Hey, if they want the government to "do something", I have an idea that wouldn’t cost me as Joe Taxpayer one thin dime: approve the building of more refineries and remove one of the chokes on our gasoline supply. We haven’t built a new one since 1973 [if I remember correctly], and it’s in America’s best interests. It may piss off environmentalists, but that seems rather silly if they’d think it through. Which is more efficient and "environmentally friendly"; a new refinery that takes 35 years of technical advancements and incorporates them, or plants that were built before Nixon was president? It’ll also piss off refiners, and with good reason: refining oil to gas holds their biggest profit margins at over 20%. This is also I think the reason you don’t see Big Oil tromping up the Hill ever month begging to build more refineries - too much profit there, on an already paid for asset.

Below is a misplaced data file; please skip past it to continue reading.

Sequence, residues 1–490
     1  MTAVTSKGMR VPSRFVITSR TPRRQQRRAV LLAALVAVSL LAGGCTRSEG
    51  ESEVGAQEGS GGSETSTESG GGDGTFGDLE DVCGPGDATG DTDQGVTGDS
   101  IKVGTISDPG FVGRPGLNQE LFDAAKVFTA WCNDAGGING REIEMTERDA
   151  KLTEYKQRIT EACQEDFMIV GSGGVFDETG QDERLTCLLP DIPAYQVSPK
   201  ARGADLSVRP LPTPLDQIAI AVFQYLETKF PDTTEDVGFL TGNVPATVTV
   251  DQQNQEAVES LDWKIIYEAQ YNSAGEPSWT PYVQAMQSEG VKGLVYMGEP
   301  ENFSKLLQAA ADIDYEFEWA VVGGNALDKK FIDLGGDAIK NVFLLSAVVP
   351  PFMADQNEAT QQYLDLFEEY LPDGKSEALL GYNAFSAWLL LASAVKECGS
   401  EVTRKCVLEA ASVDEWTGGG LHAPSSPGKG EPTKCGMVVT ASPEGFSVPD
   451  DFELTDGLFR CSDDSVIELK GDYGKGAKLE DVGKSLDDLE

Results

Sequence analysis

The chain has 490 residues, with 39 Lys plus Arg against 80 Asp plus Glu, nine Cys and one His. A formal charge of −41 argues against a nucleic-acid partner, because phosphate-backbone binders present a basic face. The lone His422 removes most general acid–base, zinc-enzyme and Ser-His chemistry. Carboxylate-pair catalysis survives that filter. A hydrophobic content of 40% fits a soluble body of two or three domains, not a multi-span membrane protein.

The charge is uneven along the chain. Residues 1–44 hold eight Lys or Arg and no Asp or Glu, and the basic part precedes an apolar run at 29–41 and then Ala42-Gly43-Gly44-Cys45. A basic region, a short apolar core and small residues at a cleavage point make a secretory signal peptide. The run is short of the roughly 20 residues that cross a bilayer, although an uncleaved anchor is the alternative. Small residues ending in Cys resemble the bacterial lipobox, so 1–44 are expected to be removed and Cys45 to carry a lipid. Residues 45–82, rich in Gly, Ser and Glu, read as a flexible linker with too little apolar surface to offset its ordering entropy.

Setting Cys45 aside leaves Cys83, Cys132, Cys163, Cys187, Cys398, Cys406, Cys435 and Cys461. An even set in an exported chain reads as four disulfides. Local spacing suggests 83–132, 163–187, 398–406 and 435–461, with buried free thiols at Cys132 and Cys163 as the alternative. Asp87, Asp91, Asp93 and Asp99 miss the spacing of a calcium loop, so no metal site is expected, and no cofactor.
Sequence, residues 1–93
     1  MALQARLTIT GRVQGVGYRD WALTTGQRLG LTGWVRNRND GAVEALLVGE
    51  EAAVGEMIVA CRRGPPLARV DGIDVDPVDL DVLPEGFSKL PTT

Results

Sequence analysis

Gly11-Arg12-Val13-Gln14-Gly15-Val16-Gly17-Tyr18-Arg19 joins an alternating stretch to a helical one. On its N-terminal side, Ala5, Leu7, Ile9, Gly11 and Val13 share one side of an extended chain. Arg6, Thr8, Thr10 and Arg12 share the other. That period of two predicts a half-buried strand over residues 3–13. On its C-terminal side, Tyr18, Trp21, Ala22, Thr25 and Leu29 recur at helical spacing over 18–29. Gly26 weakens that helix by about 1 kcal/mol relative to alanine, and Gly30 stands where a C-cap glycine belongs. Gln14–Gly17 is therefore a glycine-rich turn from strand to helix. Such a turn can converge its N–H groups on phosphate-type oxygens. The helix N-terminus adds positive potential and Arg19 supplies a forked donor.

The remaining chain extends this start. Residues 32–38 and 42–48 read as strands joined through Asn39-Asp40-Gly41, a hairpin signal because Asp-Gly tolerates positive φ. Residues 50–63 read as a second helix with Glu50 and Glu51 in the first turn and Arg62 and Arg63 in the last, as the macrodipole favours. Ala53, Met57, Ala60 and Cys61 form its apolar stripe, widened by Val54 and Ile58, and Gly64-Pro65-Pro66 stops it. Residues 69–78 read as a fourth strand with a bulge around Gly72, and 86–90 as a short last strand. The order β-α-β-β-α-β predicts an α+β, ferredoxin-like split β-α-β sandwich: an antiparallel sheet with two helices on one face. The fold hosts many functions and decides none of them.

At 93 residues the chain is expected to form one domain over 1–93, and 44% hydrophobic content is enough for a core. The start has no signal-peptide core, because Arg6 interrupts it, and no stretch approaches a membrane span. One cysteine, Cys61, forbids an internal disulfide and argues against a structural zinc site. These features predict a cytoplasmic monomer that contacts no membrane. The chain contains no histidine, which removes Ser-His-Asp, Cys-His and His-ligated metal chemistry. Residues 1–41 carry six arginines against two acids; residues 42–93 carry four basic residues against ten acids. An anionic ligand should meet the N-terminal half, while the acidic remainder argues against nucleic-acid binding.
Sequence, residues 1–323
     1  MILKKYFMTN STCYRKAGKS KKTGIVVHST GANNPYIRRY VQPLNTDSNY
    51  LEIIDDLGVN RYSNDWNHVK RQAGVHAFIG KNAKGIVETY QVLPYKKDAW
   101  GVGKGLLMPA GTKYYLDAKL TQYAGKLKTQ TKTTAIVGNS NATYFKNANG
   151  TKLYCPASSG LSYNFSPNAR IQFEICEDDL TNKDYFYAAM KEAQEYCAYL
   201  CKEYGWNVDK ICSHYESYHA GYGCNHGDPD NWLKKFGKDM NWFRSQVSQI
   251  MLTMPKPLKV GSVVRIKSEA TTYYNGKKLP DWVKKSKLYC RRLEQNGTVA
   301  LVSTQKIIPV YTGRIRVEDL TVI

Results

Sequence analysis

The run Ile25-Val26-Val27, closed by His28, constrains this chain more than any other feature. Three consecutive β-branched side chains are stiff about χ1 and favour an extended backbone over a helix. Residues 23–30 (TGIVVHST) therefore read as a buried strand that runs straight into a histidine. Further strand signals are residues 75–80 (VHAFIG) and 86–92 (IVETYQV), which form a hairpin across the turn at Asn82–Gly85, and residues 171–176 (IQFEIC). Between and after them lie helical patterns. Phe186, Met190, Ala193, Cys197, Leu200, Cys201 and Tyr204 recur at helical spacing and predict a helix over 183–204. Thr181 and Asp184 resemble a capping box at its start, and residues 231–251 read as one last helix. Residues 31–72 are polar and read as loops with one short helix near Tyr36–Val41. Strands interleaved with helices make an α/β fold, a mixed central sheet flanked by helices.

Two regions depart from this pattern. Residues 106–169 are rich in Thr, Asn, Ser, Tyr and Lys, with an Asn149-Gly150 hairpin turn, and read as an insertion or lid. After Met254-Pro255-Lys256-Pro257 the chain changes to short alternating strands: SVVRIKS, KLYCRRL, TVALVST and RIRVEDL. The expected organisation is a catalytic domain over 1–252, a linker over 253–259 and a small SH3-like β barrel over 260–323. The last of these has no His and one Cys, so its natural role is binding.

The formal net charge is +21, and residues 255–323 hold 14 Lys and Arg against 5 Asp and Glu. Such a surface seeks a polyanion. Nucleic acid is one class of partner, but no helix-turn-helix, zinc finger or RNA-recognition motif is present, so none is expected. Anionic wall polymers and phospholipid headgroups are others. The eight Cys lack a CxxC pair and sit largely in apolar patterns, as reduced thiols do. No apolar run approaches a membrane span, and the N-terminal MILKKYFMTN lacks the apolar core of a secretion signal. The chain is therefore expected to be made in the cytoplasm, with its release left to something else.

And that’s just one of the really simple cost effective things we could do. What about ending these special gas mixtures for California and other places of skepitical environmental value? And drilling in ANWR, or off the Florida shelf.

Dang it’s irritating how little common sense seems to be out there...
Written By: Warrior Needs Food Badly
URL: http://
This is a hopeful sign that Mr. Market is working all by hisself on this one.
Written By: CR
URL: http://
You’re missing the impact, here of taxes n all of this.
Some facts I posted recently:

According to CNN Money, Exxon total “profits” if you don’t count exploration costs, were $40BUSD, in 2007. Their taxes, however, were $100BUSD.